I have a gigabyte EX58-UD3R motherboard with 4 gb right now each 1 gb stick...got an i7 in there...want to put 12 gb in there only have 4 slots. fairly new to pc jargon only built 2 pc's. cmos and bios are other worlds. Basically asking what product i can put in there for example this one http://www.newegg.com/Product/Product.aspx?Item=N82E168...(3_x_4GB)-_-20-226-100-_-Product
and if it is even compatible with it... which ever one works how do you triple thread it or get it to work properly do you just plug and play or do you have to do a cmos reset and on- thank you alot for helping
I'm very confused...an x58 board should have slots in multiples of 3's - either 3 slots or 6 slots for Triple Channel memory, which the 1366 socket benefits from. Having 4x1GB sticks doesn't make much sense in that regard.
I'd suggest getting a solid 6GB kit, or if you want, buy two, to get you to 12GB.
Why do you feel you need 12GB RAM? What do you do that requires that much memory.
No, you should just have to shut off the computer, ground yourself, take out the old memory, plug in the new memory, and reboot. It should detect it and take care of it for you.
It IS an X58 board with 4 slots - very WEIRD. I had to pull the motherboard manual from Gigabyte's website to figure out how it's "triple channel" but has 4 slots. Somehow, the board configures 4 slots (or slots 1, 2 and 4) as triple channel. I fail to understand what the purpose in this is, but...
Based on what I see in the manual, you can go 8Gb or 16Gb (using VERY expensive 4Gb modules) but 12Gb would not yield triple channel as it would take 2x4Gb and 2x2Gb and thus only operate in dual-channel mode due to different sized modules. You have to have the same size in either three or four slots for triple channel to be activated.
As for compatibility, I've built probably 200 systems over the past 3 or 4 years and have yet to run into any motherboard that had compatilbity issues with memory. I'm sure my days are numbered, but to be safe you should always check the website for their compatible memory (basically what they've tested). I never have, but if you're concerned about it, go to http://www.gigabyte.com.tw/FileList/MemorySupport/mb_me...
The memory is forediting video 1080p after effects rendering...3 gb is not cutting it.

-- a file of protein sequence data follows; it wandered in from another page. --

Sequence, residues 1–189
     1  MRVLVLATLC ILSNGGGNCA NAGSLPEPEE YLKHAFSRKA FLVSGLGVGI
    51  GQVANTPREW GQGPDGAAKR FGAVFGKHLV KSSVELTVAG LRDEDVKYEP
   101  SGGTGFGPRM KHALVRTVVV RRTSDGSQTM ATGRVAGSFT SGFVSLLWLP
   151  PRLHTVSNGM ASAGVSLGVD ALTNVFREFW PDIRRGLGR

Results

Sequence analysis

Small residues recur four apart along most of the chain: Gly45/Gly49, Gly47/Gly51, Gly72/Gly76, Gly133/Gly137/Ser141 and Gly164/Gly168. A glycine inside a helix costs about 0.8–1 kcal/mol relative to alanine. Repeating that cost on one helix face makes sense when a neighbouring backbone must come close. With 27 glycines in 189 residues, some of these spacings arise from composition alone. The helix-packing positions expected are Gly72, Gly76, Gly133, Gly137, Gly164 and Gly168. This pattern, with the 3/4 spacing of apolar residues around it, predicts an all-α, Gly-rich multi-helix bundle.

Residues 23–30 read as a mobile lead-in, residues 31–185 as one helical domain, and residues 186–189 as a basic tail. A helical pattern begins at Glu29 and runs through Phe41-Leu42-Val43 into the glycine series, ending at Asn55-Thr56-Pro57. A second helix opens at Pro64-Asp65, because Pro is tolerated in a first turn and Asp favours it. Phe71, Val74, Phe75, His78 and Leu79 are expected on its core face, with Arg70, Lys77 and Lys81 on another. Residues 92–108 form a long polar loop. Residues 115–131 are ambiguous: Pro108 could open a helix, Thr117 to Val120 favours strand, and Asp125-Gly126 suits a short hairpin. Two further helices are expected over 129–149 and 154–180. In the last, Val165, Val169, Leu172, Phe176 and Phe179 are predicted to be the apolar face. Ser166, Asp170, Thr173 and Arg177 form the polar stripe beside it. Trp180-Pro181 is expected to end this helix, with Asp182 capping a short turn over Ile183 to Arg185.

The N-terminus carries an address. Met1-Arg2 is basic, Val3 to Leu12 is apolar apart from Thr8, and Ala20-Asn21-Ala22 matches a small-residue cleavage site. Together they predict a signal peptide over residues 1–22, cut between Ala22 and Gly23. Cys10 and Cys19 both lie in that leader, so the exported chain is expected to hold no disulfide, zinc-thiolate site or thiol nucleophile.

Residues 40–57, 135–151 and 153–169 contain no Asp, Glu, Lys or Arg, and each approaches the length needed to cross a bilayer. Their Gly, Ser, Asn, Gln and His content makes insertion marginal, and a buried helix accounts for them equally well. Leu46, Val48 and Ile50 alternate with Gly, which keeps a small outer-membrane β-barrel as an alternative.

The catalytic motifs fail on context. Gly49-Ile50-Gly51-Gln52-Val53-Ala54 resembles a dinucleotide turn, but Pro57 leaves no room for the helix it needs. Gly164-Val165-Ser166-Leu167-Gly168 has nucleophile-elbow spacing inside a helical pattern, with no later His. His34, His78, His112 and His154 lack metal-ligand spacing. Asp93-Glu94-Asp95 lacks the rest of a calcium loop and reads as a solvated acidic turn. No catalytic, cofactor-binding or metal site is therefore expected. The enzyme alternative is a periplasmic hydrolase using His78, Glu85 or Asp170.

Basically wondering what product i should use any companies i should stay away from .the max it can take is 16gb... sorry again for not explaining i have 3 gbs ...do you think this product would work http://www.newegg.com/Product/Product.aspx?Item=N82E168...
if that was a good product for my mobo could i ever buy two more 4 gb sticks to put in a mobo that can handle 24? or would i have to buy a whole new set of sticks?
With 4 slots, the most you could go is 16Gb - no more. With 6, like most x58 boards have, you can go to 24Gb. I've never had a problem with Kingston. Then again, I've never had a problem OCZ, Patriot, AData or Geil, either. The only memory I've ever had issues with is G.Skill and yet those are always the highest rated chips. Go figure.
That said, $900 for 16Gb of memory is insane, and I highly doubt you'll notice a difference between that and 8Gb. I have 12Gb in mine and it's a waste. I would have been just fine with 6 or 9Gb. There isn't a single benchmark, video edit, video encode that's shown any improvement going from 6Gb (3 sticks) to 12Gb (6 sticks) and even with 3 virtual machines using 1Gb each, a bluray encode, outlook/office, media player, online backup and editing a massive RAW picture...and everything else I can hit my PC with, I've never seen more than 44% memory usage. I'd buy 4x2Gb for about $200 and use the extra $700 on perhaps a graphics card that can your software can use to offload editing (CUDA maybe?) or...a hex-core 980x. That's only a $1,000 and will help with video editing FAR more than 16Gb of memory will. That's only $300 more than you were willing to spend on the memory alone.